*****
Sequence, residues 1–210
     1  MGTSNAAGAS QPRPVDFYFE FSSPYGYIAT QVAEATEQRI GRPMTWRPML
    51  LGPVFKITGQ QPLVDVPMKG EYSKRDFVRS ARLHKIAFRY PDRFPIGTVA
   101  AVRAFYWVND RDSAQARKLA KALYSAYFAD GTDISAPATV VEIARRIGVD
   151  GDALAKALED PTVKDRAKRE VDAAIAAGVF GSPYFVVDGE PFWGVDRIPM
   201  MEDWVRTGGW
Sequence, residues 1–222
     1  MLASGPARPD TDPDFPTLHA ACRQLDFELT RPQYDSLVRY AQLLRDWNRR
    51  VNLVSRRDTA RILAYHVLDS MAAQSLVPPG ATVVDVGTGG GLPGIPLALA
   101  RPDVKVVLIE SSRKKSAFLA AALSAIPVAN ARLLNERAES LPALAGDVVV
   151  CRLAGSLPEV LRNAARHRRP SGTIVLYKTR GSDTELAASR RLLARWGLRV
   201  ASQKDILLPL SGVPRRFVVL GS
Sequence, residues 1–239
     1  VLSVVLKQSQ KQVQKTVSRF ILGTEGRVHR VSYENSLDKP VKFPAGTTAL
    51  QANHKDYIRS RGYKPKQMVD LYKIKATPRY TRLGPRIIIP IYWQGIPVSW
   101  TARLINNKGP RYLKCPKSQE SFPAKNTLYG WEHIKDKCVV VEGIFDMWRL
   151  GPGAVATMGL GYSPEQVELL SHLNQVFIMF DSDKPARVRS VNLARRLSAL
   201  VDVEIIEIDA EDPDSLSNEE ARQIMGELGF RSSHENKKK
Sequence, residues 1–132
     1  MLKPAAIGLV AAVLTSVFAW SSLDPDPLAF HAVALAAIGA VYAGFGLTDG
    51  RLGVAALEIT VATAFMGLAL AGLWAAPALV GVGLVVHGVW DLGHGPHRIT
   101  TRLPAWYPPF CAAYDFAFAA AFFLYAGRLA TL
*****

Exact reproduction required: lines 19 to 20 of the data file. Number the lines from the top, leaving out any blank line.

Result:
Sequence, residues 1–132
     1  MLKPAAIGLV AAVLTSVFAW SSLDPDPLAF HAVALAAIGA VYAGFGLTDG